LG responded to concerns over corrosion of the G Watch charging pins by making a few tweaks with the KMV78Y update. Now the same build is rolling out to the Samsung Gear live, which as far as I'm aware, doesn't have the same charging pin issues. How curious.
Big things are happening for the smallest of Android devices. Over the last month, we've seen several attempts to extend the capabilities of Android Wear, some have worked out, while others haven't fared so well. Most of the activity has come in the form of 3rd-party apps, so there hasn't been much action for dedicated modders. That is, until today. Team Win just posted its first official custom recovery for the LG G Watch (dory).
Manufactures have been scaling back the included extras that come with hardware for a while now - you won't find included headphones or cases with any of the latest flagship phones. But you can generally rely on getting a USB cable and a wall-wart charger at least. Such is the case with the current Android Wear devices, the LG G Watch and the Samsung Gear Live. But if you have one, you'd better hold onto that charger like it's made of gold, because it might as well be.
The first Android Wear devices are just starting to show up on doorsteps, but already a second update is heading out to the Samsung Gear Live. The OTA bumps the build to KMV78X from KMV78V. What does it do? Unclear.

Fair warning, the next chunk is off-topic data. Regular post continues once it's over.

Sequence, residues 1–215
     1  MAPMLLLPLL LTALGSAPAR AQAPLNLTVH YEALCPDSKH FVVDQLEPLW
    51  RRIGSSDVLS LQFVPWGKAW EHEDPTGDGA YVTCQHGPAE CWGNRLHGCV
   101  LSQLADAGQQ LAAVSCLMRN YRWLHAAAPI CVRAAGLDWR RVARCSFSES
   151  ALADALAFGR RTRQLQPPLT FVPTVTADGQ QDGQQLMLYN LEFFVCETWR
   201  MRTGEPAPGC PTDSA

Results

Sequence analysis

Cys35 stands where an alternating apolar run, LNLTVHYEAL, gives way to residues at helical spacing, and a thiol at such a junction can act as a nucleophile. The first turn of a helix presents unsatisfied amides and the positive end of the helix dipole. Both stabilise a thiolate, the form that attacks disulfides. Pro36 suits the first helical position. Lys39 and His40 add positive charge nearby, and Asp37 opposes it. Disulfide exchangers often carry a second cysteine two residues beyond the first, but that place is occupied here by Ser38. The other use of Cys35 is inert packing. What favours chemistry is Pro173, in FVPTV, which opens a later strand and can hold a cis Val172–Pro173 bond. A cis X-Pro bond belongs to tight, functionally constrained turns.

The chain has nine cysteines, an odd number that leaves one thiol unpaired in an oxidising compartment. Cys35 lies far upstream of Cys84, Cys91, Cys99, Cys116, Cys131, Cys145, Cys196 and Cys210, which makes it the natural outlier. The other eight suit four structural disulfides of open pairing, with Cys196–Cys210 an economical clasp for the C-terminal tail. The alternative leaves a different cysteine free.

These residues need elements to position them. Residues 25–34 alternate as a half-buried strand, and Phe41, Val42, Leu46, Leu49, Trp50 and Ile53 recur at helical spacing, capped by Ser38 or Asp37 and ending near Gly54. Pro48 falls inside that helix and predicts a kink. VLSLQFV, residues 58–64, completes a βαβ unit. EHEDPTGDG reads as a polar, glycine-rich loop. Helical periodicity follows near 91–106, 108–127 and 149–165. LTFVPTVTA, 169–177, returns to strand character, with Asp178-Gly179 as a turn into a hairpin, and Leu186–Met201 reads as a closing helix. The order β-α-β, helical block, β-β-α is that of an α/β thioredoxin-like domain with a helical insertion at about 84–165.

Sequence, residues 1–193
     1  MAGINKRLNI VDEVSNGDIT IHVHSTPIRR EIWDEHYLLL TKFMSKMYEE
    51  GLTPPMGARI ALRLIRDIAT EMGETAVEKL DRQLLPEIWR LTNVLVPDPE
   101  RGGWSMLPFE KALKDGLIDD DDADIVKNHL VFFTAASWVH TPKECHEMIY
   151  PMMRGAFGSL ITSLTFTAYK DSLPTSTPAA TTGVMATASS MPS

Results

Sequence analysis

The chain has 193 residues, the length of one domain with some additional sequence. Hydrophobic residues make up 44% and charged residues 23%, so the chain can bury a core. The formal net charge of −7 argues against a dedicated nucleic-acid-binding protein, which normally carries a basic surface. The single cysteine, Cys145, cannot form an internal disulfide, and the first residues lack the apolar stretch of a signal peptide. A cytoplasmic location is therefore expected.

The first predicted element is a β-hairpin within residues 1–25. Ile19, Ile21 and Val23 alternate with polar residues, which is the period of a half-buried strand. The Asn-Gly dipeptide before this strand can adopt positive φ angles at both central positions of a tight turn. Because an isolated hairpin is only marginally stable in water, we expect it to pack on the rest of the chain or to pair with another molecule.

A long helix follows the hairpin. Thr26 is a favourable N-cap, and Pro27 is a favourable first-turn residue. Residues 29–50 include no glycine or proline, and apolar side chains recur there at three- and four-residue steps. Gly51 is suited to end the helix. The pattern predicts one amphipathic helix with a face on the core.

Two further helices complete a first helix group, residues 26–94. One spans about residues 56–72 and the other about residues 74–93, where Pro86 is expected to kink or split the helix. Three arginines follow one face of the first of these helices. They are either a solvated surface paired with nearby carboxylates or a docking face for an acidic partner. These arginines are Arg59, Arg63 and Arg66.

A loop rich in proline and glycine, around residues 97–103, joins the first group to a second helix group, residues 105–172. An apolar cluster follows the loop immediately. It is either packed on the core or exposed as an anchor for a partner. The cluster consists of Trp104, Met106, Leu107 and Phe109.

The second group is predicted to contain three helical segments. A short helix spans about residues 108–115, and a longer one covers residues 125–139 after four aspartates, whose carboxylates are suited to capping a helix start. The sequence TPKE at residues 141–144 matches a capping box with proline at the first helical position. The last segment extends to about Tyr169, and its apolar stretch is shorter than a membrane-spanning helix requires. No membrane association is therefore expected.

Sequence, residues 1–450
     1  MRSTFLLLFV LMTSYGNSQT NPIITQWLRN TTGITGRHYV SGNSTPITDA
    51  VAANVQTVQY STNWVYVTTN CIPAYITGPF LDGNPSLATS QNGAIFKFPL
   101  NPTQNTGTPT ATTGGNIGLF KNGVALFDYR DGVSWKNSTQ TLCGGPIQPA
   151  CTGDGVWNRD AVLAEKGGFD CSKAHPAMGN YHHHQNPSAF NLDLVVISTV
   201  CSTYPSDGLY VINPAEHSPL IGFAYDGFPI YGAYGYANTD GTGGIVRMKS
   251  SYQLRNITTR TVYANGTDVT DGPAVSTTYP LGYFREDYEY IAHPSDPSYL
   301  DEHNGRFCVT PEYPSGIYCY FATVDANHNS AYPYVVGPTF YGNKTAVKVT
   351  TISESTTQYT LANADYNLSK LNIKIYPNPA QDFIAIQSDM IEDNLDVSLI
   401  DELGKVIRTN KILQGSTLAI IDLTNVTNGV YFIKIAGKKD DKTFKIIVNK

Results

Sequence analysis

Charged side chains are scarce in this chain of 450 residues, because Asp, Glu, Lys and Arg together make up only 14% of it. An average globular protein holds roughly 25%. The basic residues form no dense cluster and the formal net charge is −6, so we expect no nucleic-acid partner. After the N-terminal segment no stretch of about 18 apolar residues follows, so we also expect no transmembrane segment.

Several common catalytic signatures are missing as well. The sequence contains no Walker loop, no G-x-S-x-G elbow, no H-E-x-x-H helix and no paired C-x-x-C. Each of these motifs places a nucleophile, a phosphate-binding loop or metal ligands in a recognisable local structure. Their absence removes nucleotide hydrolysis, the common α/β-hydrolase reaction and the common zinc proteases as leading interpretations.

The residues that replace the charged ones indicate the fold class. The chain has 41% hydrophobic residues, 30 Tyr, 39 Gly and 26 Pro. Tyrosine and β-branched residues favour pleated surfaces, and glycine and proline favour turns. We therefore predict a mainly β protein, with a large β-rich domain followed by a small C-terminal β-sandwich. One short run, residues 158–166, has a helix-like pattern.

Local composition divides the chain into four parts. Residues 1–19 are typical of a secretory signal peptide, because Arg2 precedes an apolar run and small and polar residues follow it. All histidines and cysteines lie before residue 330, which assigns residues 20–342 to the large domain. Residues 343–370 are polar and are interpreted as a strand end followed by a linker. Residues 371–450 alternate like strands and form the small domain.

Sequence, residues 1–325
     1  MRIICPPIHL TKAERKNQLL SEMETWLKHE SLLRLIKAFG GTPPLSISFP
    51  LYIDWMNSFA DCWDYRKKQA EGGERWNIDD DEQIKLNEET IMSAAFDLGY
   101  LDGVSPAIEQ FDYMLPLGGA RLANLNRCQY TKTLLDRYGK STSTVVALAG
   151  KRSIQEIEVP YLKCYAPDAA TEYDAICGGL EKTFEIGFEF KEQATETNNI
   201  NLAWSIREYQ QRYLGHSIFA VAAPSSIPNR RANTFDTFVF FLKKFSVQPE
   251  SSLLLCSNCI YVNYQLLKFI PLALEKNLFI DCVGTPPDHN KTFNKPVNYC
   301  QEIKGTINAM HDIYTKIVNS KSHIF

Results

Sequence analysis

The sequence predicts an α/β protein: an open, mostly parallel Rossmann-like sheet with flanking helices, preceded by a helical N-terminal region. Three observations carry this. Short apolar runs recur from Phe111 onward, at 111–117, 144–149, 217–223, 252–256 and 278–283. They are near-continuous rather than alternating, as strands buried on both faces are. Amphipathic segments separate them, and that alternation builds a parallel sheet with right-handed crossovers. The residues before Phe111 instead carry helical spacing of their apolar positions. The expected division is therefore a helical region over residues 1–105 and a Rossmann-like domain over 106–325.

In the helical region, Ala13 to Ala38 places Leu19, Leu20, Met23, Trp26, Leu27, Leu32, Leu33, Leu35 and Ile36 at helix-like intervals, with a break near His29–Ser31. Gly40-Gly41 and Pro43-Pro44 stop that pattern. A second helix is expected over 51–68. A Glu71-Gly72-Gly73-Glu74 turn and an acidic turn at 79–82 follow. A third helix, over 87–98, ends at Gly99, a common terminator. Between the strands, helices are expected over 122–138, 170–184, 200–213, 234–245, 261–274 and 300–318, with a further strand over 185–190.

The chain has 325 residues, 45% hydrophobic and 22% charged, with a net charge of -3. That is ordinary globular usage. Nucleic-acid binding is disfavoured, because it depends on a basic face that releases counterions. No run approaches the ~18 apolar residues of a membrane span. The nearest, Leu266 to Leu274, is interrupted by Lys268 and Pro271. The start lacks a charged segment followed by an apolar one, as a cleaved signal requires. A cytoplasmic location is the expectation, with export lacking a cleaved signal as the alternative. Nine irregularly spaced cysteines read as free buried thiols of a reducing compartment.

Google's recently launched Android Wear platform had a bit of a rough weekend when it ran into an unexpected snag regarding paid apps – it couldn't install them. It turns out that the behavior could be traced to a Play Store security feature that was responsible for encrypting paid apps to make them more difficult to pirate; but in doing so, it had also made it impossible to extract and install any micro-apps contained within the apk.
Not all that many Samsung Gear Lives have made it into the hands of users, but already we're seeing reports of the smartwatch's charging mechanism breaking and preventing users from continuing to power the device without resorting to wildly impractical measures. Some disgruntled Google I/O goers have taken to Google+ to share pictures of their damaged hardware.
The user who shared the image above contacted support to arrange for a replacement and came to the conclusion that "Samsung can die in a fire." He was unable to find success through Samsung's site due to an inability to find a "model code" that the website insisted on.
You saw Android Wear a couple of months ago when Google unveiled the SDK and both LG and Motorola presented the first promotional pictures. Then you watched the Google I/O keynote that officially launched the LG G Watch and Samsung's surprise addition of the Gear Live. And now you've got a shiny, brand new Android Wear watch before you... but all you can think about is ripping into the digital guts of that thing and doing all of the awful things that Google never intended.
I'd just like to thank Google for expanding Android to two new platforms this year (Android TV doesn't count). Now we've got twice as many opportunities to talk about over-the-air software updates. The LG G Watch and Samsung Gear Live, both running nearly identical builds of Android Wear, are being updated to the slightly newer KMV78V build today. Owners should be seeing the update alert over the next few days if they haven't already.